Celiac disease is a type of malabsorption syndrome. During digestion, food is broken down into nutrient molecules that can be absorbed by the bloodstream. In people with malabsorption syndrome, nutrients are not released into the bloodstream but are instead eliminated in the stool. As a result, the body does not get the nutrients it needs from food.
Also called celiac sprue, celiac disease is a relatively uncommon ailment, affecting approximately 1 person in 1000. It is caused by a sensitivity to gluten, a substance found in wheat, rye, oats, and barley. With extended exposure to gluten, the intestinal lining loses the tiny folds through which nutrients are absorbed and stops producing adequate amounts of digestive enzymes.
While the precise cause of gluten sensitivity is unknown, celiac disease is believed to be hereditary. The disease is diagnosed most often in children, though it can appear in adults with no prior sensitivity to gluten.
Signs and Symptoms
Abdominal pain or cramps
Foul-smelling, grayish stools that may float and may be larger than normal
General weakness and fatigue
In children, failure to grow or muscle weakness
Conventional Medical Treatment
To diagnose celiac disease, your physician may take a stool sample and a barium X-ray of your small intestine. You may also have to have a biopsy (tissue sample) taken from the lining of your small intestine. Celiac disease is usually treated with a strict gluten-free diet. When carefully followed, a gluten-free diet allows the villi of the small intestines to resume their normal shape and absorption ability. Within two to four months, you should resume normal digestion and will begin to regain weight.
Complementary and Alternative Treatments
Nutrition and Supplementation
The number one enemy of celiac is gluten in any form. Avoid all products containing barley, rye, wheat, oats, hydrolyzed vegetable or plant protein, textured vegetable protein, malt, modified food starch, binders, fillers, and “natural flavorings.” Do not eat hot dogs, gravies, luncheon meat, beer, mustard, catsup, non-dairy creamer, white vinegar, curry powder, or seasonings. Be sure your nutritional supplements do not contain gluten. Gluten-free products are available at health food stores, call 800-633-3826 and ask for a gluten-free product catalog.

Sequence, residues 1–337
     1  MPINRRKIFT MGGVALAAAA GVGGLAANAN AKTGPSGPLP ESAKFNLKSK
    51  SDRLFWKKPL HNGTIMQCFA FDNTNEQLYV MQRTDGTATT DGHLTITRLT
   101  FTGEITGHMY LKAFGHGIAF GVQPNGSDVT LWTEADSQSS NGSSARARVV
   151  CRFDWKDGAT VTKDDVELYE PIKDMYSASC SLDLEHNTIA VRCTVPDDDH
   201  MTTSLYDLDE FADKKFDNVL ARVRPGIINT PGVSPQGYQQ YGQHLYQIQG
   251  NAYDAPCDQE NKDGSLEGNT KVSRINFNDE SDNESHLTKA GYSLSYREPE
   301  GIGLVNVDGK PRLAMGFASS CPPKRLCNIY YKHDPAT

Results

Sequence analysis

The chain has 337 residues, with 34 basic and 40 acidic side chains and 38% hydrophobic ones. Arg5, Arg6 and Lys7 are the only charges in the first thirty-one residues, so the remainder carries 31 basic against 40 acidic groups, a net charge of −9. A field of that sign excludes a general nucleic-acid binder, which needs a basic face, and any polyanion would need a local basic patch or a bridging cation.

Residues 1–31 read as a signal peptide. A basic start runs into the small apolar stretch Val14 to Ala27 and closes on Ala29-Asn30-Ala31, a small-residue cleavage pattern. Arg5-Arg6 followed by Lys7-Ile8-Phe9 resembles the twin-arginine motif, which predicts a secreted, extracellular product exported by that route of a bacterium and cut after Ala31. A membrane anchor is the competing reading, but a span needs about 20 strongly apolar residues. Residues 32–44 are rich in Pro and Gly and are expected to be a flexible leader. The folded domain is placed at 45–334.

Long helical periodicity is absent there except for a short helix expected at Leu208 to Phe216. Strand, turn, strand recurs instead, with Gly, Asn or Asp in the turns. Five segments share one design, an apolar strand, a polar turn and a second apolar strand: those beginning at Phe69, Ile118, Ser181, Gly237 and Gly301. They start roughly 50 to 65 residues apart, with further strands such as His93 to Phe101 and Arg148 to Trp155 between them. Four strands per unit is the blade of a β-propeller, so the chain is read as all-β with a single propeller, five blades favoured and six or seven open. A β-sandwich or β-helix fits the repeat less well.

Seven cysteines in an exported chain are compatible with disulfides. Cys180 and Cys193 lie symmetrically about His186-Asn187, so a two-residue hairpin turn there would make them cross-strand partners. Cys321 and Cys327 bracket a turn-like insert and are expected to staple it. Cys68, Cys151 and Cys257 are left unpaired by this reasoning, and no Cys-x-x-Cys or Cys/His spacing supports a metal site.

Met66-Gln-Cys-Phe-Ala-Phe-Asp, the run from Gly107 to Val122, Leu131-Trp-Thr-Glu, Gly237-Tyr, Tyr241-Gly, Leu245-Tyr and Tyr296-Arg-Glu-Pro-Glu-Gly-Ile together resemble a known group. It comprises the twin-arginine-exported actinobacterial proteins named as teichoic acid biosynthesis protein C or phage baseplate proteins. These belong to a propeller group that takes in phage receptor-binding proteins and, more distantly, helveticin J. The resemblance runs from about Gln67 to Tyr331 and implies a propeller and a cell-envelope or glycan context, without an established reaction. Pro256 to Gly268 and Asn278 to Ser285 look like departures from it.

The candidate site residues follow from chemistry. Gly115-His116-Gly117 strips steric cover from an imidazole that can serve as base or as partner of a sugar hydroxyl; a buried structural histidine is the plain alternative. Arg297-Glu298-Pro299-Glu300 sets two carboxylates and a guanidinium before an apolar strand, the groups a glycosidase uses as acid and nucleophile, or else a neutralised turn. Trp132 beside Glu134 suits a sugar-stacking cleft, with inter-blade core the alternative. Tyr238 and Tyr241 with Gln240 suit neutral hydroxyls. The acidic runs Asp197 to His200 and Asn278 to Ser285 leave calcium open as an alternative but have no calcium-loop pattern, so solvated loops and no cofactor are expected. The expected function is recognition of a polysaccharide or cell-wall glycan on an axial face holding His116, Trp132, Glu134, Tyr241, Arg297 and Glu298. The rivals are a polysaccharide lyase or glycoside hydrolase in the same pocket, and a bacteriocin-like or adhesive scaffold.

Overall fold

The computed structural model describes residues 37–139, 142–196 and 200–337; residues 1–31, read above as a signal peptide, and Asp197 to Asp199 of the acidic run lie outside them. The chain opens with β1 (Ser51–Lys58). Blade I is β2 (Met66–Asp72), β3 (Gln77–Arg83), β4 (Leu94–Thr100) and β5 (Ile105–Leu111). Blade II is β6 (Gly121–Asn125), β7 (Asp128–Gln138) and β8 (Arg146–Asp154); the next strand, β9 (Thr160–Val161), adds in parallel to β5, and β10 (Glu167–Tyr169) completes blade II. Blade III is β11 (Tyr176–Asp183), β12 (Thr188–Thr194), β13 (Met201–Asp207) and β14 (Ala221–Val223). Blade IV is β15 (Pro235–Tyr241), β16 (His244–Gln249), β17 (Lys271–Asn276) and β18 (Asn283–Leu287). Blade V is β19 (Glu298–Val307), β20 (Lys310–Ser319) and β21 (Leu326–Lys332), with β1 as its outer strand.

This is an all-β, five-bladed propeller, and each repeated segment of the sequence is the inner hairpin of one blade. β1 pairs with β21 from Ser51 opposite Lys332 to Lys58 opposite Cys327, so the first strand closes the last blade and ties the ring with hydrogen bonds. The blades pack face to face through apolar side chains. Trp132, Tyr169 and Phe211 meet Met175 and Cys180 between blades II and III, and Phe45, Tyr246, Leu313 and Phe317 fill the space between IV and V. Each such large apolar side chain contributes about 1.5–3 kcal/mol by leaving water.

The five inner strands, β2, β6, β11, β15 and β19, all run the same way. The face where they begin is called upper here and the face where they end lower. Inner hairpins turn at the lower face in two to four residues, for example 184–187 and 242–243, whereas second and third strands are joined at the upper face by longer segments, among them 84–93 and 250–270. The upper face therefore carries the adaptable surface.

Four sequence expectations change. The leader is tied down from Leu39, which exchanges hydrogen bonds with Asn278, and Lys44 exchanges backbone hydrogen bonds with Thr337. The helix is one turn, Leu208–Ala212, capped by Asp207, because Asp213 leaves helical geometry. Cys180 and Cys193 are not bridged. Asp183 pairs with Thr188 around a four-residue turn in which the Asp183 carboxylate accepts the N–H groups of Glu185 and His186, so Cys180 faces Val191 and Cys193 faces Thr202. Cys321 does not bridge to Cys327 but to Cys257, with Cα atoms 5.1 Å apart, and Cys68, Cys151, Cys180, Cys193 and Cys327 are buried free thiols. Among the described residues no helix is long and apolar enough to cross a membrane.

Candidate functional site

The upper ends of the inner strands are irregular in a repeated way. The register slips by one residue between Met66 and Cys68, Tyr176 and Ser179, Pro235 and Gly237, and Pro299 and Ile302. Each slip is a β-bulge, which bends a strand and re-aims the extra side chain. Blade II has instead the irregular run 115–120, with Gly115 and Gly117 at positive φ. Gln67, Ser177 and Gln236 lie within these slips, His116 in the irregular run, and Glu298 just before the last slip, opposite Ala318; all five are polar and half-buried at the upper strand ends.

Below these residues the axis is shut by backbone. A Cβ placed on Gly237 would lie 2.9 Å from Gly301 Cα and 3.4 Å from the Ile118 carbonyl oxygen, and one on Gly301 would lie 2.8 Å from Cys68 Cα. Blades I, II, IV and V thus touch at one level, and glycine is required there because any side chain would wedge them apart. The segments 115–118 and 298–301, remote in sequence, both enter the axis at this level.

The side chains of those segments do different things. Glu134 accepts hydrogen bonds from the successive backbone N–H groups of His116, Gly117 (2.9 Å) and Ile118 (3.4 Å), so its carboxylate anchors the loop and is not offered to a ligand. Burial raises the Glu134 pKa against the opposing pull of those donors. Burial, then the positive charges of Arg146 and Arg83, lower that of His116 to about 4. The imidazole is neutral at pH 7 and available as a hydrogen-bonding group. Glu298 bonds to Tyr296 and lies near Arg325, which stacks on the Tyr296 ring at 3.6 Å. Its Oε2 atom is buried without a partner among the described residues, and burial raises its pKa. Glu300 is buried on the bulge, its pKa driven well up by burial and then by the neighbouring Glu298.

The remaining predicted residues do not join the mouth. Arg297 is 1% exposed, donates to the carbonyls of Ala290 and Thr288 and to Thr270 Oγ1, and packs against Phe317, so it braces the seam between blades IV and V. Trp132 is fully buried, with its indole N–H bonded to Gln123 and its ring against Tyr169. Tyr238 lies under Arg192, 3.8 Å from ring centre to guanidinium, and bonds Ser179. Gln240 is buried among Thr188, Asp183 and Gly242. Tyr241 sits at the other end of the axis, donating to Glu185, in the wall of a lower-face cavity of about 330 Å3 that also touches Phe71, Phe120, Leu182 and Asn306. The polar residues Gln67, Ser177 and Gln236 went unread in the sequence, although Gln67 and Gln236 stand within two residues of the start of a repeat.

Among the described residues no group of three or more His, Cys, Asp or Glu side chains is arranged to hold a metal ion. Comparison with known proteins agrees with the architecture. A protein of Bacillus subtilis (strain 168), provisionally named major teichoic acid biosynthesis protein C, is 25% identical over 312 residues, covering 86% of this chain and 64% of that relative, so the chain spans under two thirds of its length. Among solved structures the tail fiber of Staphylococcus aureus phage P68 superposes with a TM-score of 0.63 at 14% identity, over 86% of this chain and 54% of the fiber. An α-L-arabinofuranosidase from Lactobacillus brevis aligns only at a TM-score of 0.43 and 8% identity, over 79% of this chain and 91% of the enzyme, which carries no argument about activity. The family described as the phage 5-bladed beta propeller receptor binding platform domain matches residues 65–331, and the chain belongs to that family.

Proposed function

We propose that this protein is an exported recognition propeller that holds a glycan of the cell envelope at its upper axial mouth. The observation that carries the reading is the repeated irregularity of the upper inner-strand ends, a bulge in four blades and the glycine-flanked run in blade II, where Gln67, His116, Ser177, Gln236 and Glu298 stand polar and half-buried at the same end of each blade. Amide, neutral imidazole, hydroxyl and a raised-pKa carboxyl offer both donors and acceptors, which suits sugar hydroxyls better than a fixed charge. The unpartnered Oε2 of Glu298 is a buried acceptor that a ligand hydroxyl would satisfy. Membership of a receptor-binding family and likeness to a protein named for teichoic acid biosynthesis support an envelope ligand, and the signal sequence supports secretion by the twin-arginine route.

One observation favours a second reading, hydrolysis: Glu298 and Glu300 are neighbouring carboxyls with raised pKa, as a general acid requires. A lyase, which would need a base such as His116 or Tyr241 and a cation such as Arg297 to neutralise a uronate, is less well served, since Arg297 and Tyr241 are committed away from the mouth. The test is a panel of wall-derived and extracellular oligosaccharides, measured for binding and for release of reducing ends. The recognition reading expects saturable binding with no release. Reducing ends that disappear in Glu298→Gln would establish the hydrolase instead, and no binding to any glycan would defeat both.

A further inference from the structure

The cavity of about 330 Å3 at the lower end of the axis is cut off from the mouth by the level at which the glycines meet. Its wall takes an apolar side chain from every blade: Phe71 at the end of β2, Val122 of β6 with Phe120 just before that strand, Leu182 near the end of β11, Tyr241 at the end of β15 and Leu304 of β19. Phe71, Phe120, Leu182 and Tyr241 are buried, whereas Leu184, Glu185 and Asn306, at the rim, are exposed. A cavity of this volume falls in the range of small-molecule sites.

Because lactose intolerance often occurs with liac disease, eliminate milk and dairy products from your diet. For optimum health, breastfeed your child for a longer period of time and postpone introducing cow’s milk and grains into the diet until the child is older. Do not eat sugary products, processed foods, bouillon cubes, chocolate, or bottled salad dressings.
Although it may sound as though there aren’t any foods left to eat, you can and should eat foods rich in folic acid, such as green leafy vegetables, lentils, seeds, nuts, and beans. Be sure to include raisins, strawberries, raspberries, fresh vegetables, sunflower seeds, and rice bran. Pay close attention to your intake of iron and B vitamins; people with celiac disease are often deficient in these nutrients.
Because celiac disease affects the intestine, your body is unable to absorb many vital nutrients. Make sure your healthcare professional checks your digestion and nutrient absorption. Supplementation is necessary, and the daily guidelines that follow should help manage your symptoms. (Note: To avoid any digestive problems you should gradually build up to these amounts. Always do so under the supervision of your healthcare professional.)